Addressing threats to politicians, Indigenous business leadership and Winnipeg awards on campaign trail

Plenty of news coming from the mayoral campaign Thursday will multiple candidates sharing their latest plans.

Kevin Klein is wanting to create a new role in the city to help Indigenous business leaders and entrepreneurs.

He announced on Thursday that if he is elected mayor, he will create the role of Indigenous Economic Development Officer for the city.

He said this new role would work with Indigenous people in the business community to help create more economic opportunities and prosperity in Winnipeg.

“As Mayor, I will work to build pathways to success with tangible actions such as Indigenous Economic Zones,” Klein said in a release.

Klein also plans on creating a new Indigenous Council Committee that would have leaders from several Indigenous communities.

“I have been listening to resident and Indigenous leaders throughout our city and have heard that we must have a place in City Hall for Indigenous voices working side by side to rebuild our shared future together.”

Shaun Loney is also committing to address reconciliation if elected mayor.

He has presented a reconciliation action plan that includes developing a violence prevention plan for Indigenous woman and girls, creating 1,000 jobs in the social enterprise sector, and helping Indigenous non-profits provide more housing.

He’s also pledging more training, diversity in hiring and enhanced accountability for the Winnipeg Police Service.

Loney also says he will establish an Indigenous art hotel downtown and increase Indigenous naming initiatives.

 Don Woodstock is looking to implement jail time and fines for those who threaten political candidates after he said he has been threatened while running for mayor.

“Threats of violence and physical harm cannot be accepted as genuine political discourse. If elected as Winnipeg’s next mayor, I will work with all law enforcement and the province’s Attorney General to implement changes to the Manitoba Criminal Code to implement a mandatory minimum jail term of one year and impose a fine of $25,000 for anyone convicted of making threats to candidates seeking public office,” Woodstock said in a news release.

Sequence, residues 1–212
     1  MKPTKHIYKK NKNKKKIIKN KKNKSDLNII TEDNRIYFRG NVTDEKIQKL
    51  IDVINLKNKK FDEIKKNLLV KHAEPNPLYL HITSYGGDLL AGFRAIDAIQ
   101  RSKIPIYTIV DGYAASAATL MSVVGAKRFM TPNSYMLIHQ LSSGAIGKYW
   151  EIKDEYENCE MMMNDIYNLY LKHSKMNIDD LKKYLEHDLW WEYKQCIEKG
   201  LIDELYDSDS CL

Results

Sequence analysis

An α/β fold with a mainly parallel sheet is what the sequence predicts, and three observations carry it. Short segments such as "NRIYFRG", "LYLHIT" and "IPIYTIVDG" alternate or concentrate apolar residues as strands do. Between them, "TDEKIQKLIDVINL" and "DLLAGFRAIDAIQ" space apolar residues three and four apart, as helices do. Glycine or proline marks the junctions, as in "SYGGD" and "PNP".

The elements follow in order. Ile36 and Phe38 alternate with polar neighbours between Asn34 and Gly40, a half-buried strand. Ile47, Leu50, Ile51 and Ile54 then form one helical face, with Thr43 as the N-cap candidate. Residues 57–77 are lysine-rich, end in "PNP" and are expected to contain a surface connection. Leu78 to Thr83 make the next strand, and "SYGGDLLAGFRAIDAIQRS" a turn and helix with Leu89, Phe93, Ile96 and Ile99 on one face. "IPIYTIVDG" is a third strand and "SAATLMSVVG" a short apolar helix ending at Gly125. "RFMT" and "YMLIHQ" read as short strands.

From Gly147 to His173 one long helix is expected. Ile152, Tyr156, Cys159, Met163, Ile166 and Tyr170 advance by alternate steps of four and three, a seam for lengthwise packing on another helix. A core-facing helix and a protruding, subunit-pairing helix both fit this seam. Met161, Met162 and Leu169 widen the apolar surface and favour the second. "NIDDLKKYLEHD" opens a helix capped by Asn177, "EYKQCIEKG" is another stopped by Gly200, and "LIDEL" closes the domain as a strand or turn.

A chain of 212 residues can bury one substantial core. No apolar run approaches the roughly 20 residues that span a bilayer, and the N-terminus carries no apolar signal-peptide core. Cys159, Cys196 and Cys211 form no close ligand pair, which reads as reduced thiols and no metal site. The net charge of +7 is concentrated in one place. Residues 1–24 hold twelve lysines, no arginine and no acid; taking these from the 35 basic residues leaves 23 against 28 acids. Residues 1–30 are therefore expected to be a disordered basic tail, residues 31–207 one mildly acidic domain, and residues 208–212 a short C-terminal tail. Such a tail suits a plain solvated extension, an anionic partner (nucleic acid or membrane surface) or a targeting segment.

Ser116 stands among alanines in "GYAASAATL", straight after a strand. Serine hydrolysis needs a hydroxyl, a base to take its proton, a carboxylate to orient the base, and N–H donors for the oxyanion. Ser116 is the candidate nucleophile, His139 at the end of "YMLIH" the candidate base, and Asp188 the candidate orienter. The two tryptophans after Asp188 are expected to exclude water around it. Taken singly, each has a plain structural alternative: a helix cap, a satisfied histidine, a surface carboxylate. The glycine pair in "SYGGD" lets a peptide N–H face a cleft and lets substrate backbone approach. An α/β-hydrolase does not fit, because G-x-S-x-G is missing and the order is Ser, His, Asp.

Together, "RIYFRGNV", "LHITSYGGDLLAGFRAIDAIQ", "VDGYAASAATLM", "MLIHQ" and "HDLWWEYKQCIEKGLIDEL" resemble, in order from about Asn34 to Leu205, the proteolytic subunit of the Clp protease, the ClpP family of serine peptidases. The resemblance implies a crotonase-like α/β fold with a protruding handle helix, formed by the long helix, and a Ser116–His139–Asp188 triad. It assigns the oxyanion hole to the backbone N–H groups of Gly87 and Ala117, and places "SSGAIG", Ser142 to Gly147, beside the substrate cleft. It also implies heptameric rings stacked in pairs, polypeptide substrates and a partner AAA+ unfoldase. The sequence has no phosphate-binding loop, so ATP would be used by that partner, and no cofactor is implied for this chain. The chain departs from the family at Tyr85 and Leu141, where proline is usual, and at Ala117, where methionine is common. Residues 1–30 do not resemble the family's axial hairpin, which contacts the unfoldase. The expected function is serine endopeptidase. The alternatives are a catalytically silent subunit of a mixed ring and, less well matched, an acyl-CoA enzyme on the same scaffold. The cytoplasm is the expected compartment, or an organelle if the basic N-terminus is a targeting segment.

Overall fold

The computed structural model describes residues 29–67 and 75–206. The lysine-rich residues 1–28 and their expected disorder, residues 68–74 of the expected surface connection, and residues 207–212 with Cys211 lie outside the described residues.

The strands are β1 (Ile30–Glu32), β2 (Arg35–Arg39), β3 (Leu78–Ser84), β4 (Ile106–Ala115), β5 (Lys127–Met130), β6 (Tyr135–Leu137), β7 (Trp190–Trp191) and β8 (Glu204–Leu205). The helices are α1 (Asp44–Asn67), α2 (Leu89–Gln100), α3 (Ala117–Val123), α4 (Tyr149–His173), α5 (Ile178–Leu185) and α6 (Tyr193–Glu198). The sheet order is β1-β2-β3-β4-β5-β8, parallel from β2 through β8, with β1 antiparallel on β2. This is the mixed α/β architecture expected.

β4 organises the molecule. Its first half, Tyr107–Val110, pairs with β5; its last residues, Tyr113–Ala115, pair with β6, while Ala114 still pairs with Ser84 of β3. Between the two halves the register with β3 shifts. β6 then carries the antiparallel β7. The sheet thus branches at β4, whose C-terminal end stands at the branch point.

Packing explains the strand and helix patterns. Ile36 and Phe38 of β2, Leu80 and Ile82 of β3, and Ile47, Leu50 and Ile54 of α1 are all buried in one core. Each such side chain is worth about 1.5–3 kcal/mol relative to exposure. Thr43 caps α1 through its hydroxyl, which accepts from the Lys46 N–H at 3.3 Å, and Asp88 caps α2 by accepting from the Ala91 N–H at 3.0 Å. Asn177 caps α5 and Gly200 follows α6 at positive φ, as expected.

He said there should be a zero-tolerance approach, even if someone is a first-time offender.

“Candidates will always have different opinions and ideologies, which is the beauty of democracy. But we can all agree on one thing; every candidate has a right to be safe and make it back home to their loved ones after a day of campaigning.”

He said it is time to make Winnipeg safe again and he will work with the proper stakeholders to make that happen.

Jenny Motkaluk is wanting to celebrate the people of Winnipeg that make the city great.

She said she wants to create an annual “Winnipeg’s Own” awards, which will promote and celebrate Winnipeggers.

“From all walks of life and from all backgrounds, Winnipeggers achieve amazing heights in their pursuits,” she said in a release. “Whether it’s in sciences, athletics, academics or music, the talented people our city nurtures and produces do amazing things every day and every year, that make us happy, make us proud and that makes life worth living.”

She said the awards would be a party, not a formal gala.

“The Winnipeg’s Own awards are going to be an annual party where all Winnipeggers will be welcome to celebrate our City and our success stories.”

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